After missing the playoffs by one game last season, the Milwaukee Brewers are hungrier than ever to make a run in the playoffs. The club hasn’t made the playoffs since winning the NL Central in 2011 and with the Chicago Cubs looking to win the division for the third straight season, Milwaukee is hoping the busy offseason pays off.
This offseason was a successful for the Brewers on paper, but that doesn’t always translate onto the field. Some people might argue there’s too much depth in the team’s roster because of their offseason moves. Others might say the Brewers gambled too much to win now when, in reality, they have a big window of opportunity to win. Are the Brewers good enough to compete with the Cubs or will they embarrass themselves and fall out of the postseason picture early?
1 Greatest Addition(s): Lorenzo Cain & Christian Yelich
Part of the Brewers busy offseason included upgrading what already was a scary lineup. Though the team could have used an upgrade in the rotation, the club made it clear to the rest of baseball that they are in it to win it in 2018.
Former Kansas City Royals outfielder Lorenzo Cain, who started his career with the Brewers before being sent to KC in a trade for Zack Greinke, signed a five-year, $80m contract in January and will play centerfield daily. A few days later, the club traded four prospects, one of them being Lewis Brinson, to the Miami Marlins for Christian Yelich. Yelich and Cain are huge upgrades in the lineup but having them leaves notable players from last season with less or no playing time.
The good news is Ryan Braun is trying out first base this year, which gives Domingo Santana a spot in the lineup every day. The bad news is Braun and Eric Thames will split the first base duties, leaving Jesus Aguilar out of the picture to play consistently. Another thing to consider is outfielders like Brett Phillips and Keon Broxton might spend the year in the minors unless they’re traded or someone gets injured.
2 Greatest Loss: Neil Walker
The Brewers acquired Neil Walker shortly after the trade deadline last year and provided a major upgrade at second base over the struggling Jonathan Villar. Walker only hit .267 in 38 games, but his veteran presence was a nice addition to a young clubhouse.
Now that Walker’s gone, it’s up to Villar to step up in 2018. Hernan Perez is another option to play second base if Villar’s struggles continue, so here's hoping Villar rebounds and doesn't leave Milwaukee with a void on the field.
3 Greatest Asset: The offense
The Brewers might be the only team in baseball that could survive a mass injury bug outbreak going into the season if they make no more moves before the season starts. The club led the National League in home runs with 224 last season and they could easily pass that total this season with the depth in the offense.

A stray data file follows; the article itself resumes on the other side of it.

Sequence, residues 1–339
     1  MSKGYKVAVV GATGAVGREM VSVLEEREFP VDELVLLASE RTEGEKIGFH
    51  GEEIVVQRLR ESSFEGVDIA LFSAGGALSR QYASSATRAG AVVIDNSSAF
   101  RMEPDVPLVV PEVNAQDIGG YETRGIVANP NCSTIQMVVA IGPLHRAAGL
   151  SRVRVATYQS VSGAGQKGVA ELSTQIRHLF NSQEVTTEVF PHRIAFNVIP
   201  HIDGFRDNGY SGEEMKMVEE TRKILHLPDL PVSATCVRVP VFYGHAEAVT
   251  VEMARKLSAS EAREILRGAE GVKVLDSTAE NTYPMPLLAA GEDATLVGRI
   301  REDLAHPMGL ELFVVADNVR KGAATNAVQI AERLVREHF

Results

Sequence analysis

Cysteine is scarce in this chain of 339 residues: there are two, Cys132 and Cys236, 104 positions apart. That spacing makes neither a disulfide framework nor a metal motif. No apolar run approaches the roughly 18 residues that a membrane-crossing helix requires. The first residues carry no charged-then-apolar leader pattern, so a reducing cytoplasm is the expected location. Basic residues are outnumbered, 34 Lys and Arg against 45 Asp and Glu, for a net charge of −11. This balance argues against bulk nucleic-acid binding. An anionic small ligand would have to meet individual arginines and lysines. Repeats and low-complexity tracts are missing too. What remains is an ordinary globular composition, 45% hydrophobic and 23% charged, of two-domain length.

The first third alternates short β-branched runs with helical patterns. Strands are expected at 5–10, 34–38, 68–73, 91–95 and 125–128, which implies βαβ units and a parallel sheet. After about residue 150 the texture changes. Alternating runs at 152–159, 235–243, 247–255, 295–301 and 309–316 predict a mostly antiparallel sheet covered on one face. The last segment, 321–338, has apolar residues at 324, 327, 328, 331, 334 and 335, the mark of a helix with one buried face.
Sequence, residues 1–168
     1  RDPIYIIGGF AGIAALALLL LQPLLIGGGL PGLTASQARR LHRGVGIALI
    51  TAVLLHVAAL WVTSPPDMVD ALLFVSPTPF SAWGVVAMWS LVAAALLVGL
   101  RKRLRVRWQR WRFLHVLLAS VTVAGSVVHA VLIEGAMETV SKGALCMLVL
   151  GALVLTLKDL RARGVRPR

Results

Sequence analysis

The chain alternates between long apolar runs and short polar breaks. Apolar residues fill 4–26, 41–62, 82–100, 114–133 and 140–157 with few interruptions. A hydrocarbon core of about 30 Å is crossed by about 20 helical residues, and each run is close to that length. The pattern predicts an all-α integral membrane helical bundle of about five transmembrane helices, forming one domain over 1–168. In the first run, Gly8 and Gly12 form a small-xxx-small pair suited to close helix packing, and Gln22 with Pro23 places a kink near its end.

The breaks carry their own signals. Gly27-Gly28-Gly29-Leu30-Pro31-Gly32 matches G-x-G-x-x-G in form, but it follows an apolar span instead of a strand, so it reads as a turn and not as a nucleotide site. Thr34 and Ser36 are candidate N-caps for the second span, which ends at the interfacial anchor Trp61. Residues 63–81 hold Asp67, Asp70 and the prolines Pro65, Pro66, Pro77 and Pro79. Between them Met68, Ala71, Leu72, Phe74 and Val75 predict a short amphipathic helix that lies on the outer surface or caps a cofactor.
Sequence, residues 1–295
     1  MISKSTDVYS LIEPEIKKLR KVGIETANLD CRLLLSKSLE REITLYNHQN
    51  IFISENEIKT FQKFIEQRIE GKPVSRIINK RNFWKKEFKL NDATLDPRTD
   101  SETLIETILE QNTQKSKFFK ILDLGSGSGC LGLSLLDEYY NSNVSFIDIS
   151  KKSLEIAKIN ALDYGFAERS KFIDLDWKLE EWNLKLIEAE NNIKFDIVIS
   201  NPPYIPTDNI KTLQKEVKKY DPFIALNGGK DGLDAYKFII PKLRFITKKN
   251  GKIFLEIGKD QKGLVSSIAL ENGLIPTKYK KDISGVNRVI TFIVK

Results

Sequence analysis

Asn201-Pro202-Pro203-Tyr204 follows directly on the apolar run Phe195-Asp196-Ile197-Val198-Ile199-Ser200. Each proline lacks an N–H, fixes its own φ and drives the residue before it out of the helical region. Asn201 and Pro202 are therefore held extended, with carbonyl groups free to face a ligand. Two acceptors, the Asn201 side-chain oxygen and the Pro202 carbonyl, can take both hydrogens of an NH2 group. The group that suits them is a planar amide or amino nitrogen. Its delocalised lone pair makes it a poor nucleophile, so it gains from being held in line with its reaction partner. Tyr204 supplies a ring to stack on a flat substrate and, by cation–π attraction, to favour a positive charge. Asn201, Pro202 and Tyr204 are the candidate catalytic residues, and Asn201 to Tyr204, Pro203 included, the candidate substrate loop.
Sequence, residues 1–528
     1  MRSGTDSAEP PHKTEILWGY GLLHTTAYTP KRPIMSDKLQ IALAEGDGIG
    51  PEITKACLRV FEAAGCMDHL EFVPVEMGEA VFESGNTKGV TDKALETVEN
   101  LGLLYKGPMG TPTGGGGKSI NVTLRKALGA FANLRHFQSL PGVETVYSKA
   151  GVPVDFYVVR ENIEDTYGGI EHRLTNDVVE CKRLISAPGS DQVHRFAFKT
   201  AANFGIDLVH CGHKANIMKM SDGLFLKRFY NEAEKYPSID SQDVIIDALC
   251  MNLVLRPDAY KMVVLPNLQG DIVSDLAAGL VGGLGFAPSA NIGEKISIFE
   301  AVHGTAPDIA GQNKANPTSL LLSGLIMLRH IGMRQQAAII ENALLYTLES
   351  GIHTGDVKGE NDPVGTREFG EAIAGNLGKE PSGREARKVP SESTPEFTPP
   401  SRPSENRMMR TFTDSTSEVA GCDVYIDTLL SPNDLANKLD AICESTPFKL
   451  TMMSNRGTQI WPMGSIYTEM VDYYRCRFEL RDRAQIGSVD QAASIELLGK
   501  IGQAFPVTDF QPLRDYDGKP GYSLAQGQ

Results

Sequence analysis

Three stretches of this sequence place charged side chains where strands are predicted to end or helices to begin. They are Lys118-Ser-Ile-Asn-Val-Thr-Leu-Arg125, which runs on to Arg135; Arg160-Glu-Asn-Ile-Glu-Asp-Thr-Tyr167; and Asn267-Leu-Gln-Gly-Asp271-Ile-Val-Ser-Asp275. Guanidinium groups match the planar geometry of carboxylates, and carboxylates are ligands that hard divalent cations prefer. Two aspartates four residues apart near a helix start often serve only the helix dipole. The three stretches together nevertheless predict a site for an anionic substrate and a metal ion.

2017 Home Runs
2017 Batting Avg.
The Brewers have one of the deeper rosters in the majors right now and the options that will be available in the farm system is something the fans and front office should be excited about, even without Brinson in the picture.
4 Greatest Liability: Ryan Braun
Braun is aging and at some point, the Brewers will have to accept the fact he isn’t the player he once was. Braun had an injury-plagued 2017 and his presence is hurting the future of the club from getting playing time.
Eric Thames put up a respectful return season in 2017 and it’ll be interesting to see how he and Braun handle platooning every day. As much as the Brewers want Braun in the lineup, they need to keep him either at first base or the outfield and not platoon him between positions, or else young players like Santana, Broxton, and Phillips won’t play as much as they should.
5 X-Factor: Jhoulys Chacin
The Brewers were quiet in adding upgrades to the starting rotation but Jhoulys Chacin is expected to be the veteran of a young rotation and perform to the best of his abilities. Chacin posted a 3.89 ERA with the San Diego Padres last season, the best on the team.
When Jimmy Nelson returns from shoulder surgery, Chacin could either be a sixth man in the rotation or a key piece to the bullpen. How Chacin performs could set the tone for the rest of the pitching staff, which will be pivotal to the team’s success.
6 Final thoughts
Don’t be completely sold on the Brewers in 2018. It’s easy to like what they have on paper, but that talent doesn’t always translate to the field. The Tampa Bay Rays were a prime example of this from 2015 to 2017 and they didn’t post a winning season in that span.
The Brewers are close to being competitors in the long run but don’t be surprised if they take a step back this season. Still, fans shouldn’t worry because one bad year won’t cause the team to rebuild and start from scratch. Craig Counsell will still be the manager and Lorenzo Cain and Christian Yelich won’t go anywhere as the team looks to win a World Series for the first time in franchise history.
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